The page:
Why Aren’t Latino Kids Going to Preschool?

June 1, 2013  |  
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It’s not news that the Latino community in the United States is booming, with more Latinos than ever graduating from high school and college. But when it comes to younger children in school, it doesn’t look as good. According to a new report from NBCLatino, Latino kids aren’t going to preschool. In fact, they’re heading to high school at lower numbers than any other group in the country, and when it comes to Latinos catching up, that might be the biggest problem.

Says Education Secretary Arne Duncan, “This is the fastest-growing population and a lower-than-average participation rate… You’re 5-years-old and you’re entering school one to two years behind and you wonder why we have an achievement gap.” Duncan believes if more Latinos were in preschool—right now, about two-thirds stay home—the achievement gap could close by up to 26 percent.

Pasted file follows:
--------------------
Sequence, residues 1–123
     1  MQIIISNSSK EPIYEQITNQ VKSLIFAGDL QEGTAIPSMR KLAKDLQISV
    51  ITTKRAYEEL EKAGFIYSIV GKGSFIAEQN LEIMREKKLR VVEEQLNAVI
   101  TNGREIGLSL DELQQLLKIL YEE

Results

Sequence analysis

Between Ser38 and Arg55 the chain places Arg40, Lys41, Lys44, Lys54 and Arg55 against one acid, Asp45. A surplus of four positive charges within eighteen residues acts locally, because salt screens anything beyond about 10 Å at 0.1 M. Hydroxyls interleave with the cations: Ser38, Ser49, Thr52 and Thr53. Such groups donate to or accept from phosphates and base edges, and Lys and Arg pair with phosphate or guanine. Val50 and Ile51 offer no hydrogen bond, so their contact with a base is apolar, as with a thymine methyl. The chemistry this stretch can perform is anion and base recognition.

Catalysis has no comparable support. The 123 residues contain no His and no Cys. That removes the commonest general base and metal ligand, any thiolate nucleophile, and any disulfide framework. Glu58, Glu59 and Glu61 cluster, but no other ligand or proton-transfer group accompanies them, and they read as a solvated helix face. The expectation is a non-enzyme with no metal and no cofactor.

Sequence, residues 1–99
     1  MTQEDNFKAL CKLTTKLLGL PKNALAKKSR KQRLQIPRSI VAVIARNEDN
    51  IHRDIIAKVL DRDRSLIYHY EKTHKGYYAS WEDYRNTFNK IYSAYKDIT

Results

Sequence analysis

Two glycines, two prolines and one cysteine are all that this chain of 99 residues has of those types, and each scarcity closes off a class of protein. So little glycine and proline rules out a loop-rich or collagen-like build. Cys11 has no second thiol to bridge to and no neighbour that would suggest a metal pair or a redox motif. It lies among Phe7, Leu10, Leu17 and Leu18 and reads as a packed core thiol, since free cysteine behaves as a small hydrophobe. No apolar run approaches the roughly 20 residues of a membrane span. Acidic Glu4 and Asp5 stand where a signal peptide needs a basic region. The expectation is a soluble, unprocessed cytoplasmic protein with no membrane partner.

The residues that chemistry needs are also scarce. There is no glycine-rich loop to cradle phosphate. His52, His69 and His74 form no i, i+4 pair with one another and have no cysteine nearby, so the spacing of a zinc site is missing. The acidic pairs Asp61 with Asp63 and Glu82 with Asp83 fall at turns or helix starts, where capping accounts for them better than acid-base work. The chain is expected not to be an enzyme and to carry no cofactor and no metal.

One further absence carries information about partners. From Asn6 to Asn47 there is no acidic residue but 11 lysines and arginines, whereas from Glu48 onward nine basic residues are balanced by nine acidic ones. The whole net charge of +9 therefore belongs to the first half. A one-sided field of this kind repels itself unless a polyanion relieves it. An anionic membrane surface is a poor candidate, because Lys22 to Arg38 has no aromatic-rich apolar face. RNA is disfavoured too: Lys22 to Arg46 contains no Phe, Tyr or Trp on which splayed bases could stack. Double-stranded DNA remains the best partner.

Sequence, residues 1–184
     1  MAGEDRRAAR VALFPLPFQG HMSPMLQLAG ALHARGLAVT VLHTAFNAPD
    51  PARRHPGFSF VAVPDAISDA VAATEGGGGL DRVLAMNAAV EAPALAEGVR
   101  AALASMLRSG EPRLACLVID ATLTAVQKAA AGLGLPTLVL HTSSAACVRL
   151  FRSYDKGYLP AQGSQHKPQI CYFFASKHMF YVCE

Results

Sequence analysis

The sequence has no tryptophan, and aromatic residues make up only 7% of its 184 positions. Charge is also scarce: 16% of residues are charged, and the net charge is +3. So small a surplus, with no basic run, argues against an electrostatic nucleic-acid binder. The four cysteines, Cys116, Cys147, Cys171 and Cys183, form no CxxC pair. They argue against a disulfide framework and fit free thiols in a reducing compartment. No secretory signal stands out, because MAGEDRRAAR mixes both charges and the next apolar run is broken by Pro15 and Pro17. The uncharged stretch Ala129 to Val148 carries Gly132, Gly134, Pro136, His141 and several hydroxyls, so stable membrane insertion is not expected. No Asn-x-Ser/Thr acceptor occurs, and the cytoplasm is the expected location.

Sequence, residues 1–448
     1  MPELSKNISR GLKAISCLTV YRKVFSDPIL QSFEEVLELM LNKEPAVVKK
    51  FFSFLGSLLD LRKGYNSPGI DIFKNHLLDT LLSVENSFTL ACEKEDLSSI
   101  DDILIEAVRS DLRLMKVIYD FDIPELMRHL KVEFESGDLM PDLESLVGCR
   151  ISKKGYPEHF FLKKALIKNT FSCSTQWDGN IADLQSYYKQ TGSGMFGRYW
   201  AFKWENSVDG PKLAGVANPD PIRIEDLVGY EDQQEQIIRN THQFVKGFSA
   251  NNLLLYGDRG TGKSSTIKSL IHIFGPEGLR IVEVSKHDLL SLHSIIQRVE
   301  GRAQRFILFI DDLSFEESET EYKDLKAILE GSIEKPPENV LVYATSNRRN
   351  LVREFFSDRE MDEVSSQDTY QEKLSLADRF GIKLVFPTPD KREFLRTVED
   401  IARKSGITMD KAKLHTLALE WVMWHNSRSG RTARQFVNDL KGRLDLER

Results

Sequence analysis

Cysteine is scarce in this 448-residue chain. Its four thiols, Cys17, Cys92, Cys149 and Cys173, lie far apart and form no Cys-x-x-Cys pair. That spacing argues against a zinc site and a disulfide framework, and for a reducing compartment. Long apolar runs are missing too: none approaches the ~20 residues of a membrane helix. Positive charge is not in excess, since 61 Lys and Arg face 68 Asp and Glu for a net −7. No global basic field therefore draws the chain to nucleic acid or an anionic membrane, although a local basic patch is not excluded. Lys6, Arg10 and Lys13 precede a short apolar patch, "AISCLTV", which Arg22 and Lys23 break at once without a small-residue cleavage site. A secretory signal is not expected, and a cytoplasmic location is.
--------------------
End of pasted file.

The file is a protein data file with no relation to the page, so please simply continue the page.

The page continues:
So why aren’t kids getting to preschool? Certainly, access to good programs, or any programs, is part of the problem. But it may also be partly a question of culture. Family is everything, and if there’s an abuela or tia that can watch the kids before kindergarten, there’s less incentive to trust children to strangers. But Duncan and other educators insist attitude and access have to change to close the achievement gap, or prevent it in the first place.

Did you have a hard time sending your babies to preschool?

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